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Words can be classified according to the period of their life in the language.
We can have archaisms, words which have come out of active usage, and
neologisms, words which have recently appeared in the language.
Archaisms are words which are no longer used in everyday speech, which
have been ousted by their synonyms. Archaisms remain in the language, but they
are used as stylistic devices to express solemnity.
Most of these words are lexical archaisms and they are stylistic synonyms of
words which ousted them from the neutral style: steed (horse), slay (kill),
perchance (perhaps), betwixt (between). These lexical archaisms belong to the
poetic style.
Whe the causes of the word‘s disappearance are extra-linguistic, e.g. when
the thing is no longer used, its name becomes a historism. Historisms are very
numerous as names for social relations, institutions, objects of material culture of
the past. here belong such transport means as brougham, berlin, fly, gig; also such
vehicles as prairie schooner, also such boats as caravel, galleon, and such
weapons as breastplate, crossbow, arrow, vizor.
In language, an archaism is a word, a sense of a word, or a style of speech or writing that belongs to a historical epoch long beyond living memory, but that has sur-
vived in a few practical settings or affairs. Lexical archaisms are single archaic words
or expressions used regularly in an affair (e.g. religion or law) or freely; literary archaism is the survival of archaic language in a traditional literary text such as a nursery rhyme or the deliberate use of a style characteristic of an earlier age—for example,
in his 1960 novel The Sot-Weed Factor, John Barth writes in an 18th-century
style.[1] Archaic words or expressions may have distinctive emotional connotations—some can be humorous (forsooth), some highly formal (What say you?), and
some solemn (With thee do I plight my troth).
Archaisms are most frequently encountered in history, poetry, fantasy literature,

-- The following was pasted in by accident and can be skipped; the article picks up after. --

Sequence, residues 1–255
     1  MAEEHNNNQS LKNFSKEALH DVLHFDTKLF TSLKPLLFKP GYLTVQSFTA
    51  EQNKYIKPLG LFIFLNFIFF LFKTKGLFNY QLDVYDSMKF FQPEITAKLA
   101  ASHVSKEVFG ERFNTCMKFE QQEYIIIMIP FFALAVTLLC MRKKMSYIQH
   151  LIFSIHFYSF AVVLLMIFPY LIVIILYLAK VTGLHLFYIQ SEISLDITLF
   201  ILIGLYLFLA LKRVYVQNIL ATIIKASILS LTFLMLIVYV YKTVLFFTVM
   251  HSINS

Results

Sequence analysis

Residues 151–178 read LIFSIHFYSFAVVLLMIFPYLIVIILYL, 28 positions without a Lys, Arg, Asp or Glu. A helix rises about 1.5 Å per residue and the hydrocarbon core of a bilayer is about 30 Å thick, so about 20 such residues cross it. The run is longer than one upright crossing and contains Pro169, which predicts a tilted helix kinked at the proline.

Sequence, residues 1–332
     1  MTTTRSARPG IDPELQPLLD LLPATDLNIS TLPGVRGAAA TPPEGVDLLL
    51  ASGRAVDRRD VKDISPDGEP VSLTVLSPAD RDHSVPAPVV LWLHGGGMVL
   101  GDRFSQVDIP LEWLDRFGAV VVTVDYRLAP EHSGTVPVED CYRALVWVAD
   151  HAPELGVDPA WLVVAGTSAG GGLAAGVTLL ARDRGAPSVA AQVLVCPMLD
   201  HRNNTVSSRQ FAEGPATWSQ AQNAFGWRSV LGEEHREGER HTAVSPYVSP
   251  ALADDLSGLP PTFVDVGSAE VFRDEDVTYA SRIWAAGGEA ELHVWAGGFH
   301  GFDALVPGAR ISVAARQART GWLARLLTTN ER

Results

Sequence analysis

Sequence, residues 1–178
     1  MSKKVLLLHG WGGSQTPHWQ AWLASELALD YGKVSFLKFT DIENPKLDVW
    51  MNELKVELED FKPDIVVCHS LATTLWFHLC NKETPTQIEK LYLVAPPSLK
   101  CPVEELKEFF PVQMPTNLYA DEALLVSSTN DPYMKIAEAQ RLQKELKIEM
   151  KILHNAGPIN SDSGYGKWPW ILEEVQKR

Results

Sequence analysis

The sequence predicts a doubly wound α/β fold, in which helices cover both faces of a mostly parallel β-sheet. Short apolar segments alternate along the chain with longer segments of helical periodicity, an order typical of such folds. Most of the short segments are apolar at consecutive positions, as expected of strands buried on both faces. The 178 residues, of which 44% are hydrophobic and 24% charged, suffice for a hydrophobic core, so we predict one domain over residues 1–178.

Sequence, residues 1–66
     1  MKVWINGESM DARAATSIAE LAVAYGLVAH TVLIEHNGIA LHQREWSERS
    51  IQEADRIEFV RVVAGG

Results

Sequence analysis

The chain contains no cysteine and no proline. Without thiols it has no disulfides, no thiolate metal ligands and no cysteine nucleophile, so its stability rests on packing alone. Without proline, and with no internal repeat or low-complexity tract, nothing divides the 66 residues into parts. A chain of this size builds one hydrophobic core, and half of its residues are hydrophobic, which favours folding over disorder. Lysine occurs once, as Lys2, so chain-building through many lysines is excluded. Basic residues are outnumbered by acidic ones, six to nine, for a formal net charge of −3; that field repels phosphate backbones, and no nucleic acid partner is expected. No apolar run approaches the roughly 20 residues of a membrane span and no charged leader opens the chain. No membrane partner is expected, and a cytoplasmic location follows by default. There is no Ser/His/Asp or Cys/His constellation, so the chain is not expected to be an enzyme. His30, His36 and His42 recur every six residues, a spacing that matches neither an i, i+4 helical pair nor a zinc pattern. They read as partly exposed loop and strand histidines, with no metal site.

law, philosophy, science, technology, geography and ritual writing and speech. Archaisms are kept alive by these ritual and literary uses and by the study of older literature. Should they remain recognised, they can potentially be revived.
Because they are things of continual discovery and re-invention, science and
technology have historically generated forms of speech and writing which have dated
and fallen into disuse relatively quickly. However, the emotional associations of certain words have kept them alive, for example: 'Wireless' rather than 'Radio' for a generation of British citizens who lived through the Second World War, even though the
older word 'wireless' is an archaism, and in recent years the term has gained renewed
A similar desire to evoke a former age means that archaic place names are frequently used in circumstances where doing so conveys a political or emotional subtext, or when the official new name is not recognised by all (for example: 'Madras'
rather than 'Chennai'). So, a restaurant seeking to conjure up historic associations
might prefer to call itself Old Bombay or refer to Persian cuisine in preference to using the newer place name. A notable contemporary example is the name of the airline
Cathay Pacific, which uses the archaic Cathay ("China").
Archaisms are frequently misunderstood, leading to changes in usage. One example is found in the phrase "the odd man out", which originally came from the phrase
"to find the odd man out", where the verb "to find out" has been split by its object
"the odd man", meaning the item which does not fit.
The compound adverbs and prepositions found in the writing of lawyers (e.g.
heretofore, hereunto, thereof) are examples of archaisms as a form of jargon. Some
phraseologies, especially in religious contexts, retain archaic elements that are not
used in ordinary speech in any other context: "With this ring I thee wed." Archaisms
are also used in the dialogue of historical novels in order to evoke the flavour of the
period. Some may count as inherently funny words and are used for humorous effect.
A type of archaism is the use of thou, the second-person singular pronoun that fell
out of general use in the 17th century, while you or ye, formerly only used to address
groups, and then also to respectfully address individuals, is now used to address both
individuals and groups (but since this can result in ambiguity, y'all can be used to reintroduce the distinction). Thou is the nominative form; the oblique/objective form is
thee (functioning as both accusative and dative), and the possessive is thy or thine.
Though thou hast ever so many counsellors, yet ["yet" is generally not an archaism, but it is in this context] do not forsake the counsel of thy own soul.
— English proverb
Today me, tomorrow thee.
— English proverb
The meaning of this proverb is that something that happens to a person, is likely to
eventually happen to another who observes it, especially if the two people are similar.
To thine own self be true.
—William Shakespeare
The meaning of this saying is simply that it is unwise to lie to yourself. In its contemporary context it meant to be true (loyal, faithful, supportive) to one's own interests (the 'self' of person, property, and goals). In other words, put yourself before others.
Archaisms in proverbs are often retained, far longer than in other parts of the language. This is because they make the proverbs "fall easier on the tongue",[5] and also
because of the rhetorical effect they evoke by the use of two of the four fundamental
operations in rhetoric. Namely, permutation (immutatio) and addition (adiectio).
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